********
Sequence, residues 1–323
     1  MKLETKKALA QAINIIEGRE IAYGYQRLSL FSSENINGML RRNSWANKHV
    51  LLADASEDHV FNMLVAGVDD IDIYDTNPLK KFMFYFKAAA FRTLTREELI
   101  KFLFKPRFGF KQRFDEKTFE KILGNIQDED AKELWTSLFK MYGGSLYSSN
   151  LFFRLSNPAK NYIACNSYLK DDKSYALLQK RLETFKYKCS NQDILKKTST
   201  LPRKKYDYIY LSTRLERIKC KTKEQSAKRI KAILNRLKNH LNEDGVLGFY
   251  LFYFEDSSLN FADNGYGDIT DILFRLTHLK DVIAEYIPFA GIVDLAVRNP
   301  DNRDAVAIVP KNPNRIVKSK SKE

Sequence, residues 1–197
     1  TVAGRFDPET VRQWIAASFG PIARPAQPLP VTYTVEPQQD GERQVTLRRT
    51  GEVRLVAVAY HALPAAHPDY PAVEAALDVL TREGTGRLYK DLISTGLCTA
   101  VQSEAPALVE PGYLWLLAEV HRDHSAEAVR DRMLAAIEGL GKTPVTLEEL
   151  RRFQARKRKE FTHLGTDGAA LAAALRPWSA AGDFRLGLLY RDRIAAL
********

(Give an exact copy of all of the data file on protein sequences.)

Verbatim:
Sequence, residues 1–323
     1  MKLETKKALA QAINIIEGRE IAYGYQRLSL FSSENINGML RRNSWANKHV
    51  LLADASEDHV FNMLVAGVDD IDIYDTNPLK KFMFYFKAAA FRTLTREELI
   101  KFLFKPRFGF KQRFDEKTFE KILGNIQDED AKELWTSLFK MYGGSLYSSN
   151  LFFRLSNPAK NYIACNSYLK DDKSYALLQK RLETFKYKCS NQDILKKTST
   201  LPRKKYDYIY LSTRLERIKC KTKEQSAKRI KAILNRLKNH LNEDGVLGFY
   251  LFYFEDSSLN FADNGYGDIT DILFRLTHLK DVIAEYIPFA GIVDLAVRNP
   301  DNRDAVAIVP KNPNRIVKSK SKE

Sequence, residues 1–197
     1  TVAGRFDPET VRQWIAASFG PIARPAQPLP VTYTVEPQQD GERQVTLRRT
    51  GEVRLVAVAY HALPAAHPDY PAVEAALDVL TREGTGRLYK DLISTGLCTA
   101  VQSEAPALVE PGYLWLLAEV HRDHSAEAVR DRMLAAIEGL GKTPVTLEEL
   151  RRFQARKRKE FTHLGTDGAA LAAALRPWSA AGDFRLGLLY RDRIAAL